I do work in IT. I’ve been a geek practically since I was born and have worked full-time in the industry for the past six years. But this isn’t about my IT credentials…and it shouldn’t be about defending IT as IT. Truth is we have our weaknesses. Many of us who work in IT are a bit antisocial, introverted, ADD, OCD, or (append acronyms here). We aren’t always the most flexible folks to work with and there is certainly room for growth in our lives and skills…That said, I do think there are some serious problems with the sort of revolution Cohen is endorsing here…and I think his IT guys probably grimaced reading this article as I much as I am now.
Lets talk for a few minutes about the dangers inherent in this sort of “revolution:”
While using a device familiar to the end user may be a pleasure and expedite that individual’s productivity, it may result in a decrease to organizational productivity. For example, if one finds an Apple iPhone easier to utilize than the company provided Android or Blackberry devices (or whatever might be the standard) it is very likely that generally you will not require IT support in utilizing your phone…but then there come those times when you do…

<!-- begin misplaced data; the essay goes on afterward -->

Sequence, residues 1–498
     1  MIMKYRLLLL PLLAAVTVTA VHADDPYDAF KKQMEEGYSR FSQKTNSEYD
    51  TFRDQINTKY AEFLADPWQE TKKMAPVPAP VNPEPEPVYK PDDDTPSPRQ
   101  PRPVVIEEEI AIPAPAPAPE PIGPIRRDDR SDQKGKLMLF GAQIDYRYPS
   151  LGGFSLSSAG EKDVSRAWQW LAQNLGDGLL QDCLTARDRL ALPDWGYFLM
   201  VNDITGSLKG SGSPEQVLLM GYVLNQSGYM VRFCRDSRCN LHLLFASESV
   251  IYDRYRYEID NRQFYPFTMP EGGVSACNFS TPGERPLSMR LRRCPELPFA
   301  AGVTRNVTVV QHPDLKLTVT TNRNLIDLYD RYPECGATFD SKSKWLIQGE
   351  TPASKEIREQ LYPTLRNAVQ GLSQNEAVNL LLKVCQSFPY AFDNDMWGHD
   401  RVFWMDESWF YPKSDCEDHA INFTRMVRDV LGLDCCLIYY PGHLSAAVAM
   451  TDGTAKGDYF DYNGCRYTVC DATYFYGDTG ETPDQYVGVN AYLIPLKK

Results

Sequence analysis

- When the device craps out and refuses to boot.
- When you can’t get the company email/calendaring software to sync with your phone.
- When someone steals your phone and you really, really need to have that sensitive business data remote wiped.
- When you sell your phone on eBay and someone pulls sensitive data off the storage because deleting data isn’t enough.
At these times stress goes up and productivity goes down – for you and for the IT department. In time that could have been spent deploying five new computer systems only one thing is now accomplished – getting a non-standard piece of hardware working again (or wiped or whatever).